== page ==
Now, I’m sure you have heard that watching too much television is bad for your health. They put stories like that on the evening news. Bad for your eyes to stare at the screen, they say. Especially bad if you sit too close. Well, I want to make another point. We’ve already shown that you are addicted to the tube, watching it between six and eight hour a day. But it is an addiction that brainwashes you.
There are two kinds of brainwashing. The one that’s called hard brainwashing is the type you’re most familiar with. You’ve got a pretty good image of it from some of those old Korean war movies. They take some guy, an American patriot, drag him into a room, torture him, pump him full of drugs, and after a struggle, get him to renounce his country and his beliefs. He usually undergoes a personality change, signified by an ever-present smile and blank stare.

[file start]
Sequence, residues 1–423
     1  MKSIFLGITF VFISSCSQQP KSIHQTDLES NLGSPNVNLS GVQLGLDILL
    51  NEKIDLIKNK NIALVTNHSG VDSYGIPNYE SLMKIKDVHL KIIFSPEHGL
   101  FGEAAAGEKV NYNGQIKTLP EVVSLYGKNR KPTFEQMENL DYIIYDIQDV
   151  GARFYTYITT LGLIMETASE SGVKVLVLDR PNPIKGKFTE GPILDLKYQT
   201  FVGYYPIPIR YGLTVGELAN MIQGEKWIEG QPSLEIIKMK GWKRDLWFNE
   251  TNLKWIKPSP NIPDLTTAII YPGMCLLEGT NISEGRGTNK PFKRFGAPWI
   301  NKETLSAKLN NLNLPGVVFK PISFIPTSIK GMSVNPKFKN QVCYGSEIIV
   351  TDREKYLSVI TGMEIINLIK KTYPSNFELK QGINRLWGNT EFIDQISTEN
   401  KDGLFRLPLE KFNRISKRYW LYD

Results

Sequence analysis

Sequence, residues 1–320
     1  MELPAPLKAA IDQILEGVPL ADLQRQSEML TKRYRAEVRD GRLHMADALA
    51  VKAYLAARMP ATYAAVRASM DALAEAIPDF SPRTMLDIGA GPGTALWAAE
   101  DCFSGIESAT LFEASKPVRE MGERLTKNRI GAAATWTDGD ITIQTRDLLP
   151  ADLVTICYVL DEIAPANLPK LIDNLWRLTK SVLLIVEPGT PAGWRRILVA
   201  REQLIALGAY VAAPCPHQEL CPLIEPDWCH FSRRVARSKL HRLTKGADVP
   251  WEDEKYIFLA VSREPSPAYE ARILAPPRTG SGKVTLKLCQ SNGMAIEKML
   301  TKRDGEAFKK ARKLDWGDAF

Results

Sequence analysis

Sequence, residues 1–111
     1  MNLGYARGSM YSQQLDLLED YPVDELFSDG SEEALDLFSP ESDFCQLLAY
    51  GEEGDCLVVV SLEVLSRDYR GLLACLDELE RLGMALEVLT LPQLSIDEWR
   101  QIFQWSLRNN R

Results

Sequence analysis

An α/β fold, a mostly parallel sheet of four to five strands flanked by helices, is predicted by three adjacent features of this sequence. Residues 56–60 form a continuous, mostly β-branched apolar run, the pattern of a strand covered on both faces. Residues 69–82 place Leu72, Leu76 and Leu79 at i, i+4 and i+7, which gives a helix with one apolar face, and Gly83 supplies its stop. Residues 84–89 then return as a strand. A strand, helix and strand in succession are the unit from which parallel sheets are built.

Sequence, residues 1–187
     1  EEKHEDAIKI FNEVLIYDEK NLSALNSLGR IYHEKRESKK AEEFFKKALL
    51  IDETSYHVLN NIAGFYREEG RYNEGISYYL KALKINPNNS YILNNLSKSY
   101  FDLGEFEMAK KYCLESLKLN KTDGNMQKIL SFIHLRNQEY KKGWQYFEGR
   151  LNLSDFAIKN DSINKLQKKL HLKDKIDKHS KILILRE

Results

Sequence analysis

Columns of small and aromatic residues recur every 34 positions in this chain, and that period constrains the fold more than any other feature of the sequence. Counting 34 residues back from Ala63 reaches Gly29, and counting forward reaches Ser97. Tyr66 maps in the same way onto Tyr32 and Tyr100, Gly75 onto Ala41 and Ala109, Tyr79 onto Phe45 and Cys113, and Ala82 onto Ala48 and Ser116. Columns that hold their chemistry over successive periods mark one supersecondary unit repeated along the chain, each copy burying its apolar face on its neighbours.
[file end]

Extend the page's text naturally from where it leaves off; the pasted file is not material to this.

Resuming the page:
This brainwashing is called hard because its methods are overt. The controlled environment is obvious to the victim; so is the terror. The victim is overwhelmed by a seemingly omnipotent external force, and a feeling of intense isolation is induced. The victim’s moral strength is sapped, and slowly he embraces his torturers. It is man’s moral strength that informs and orders his power of reason; without it, the mind becomes little more than a recording machine waiting for imprints.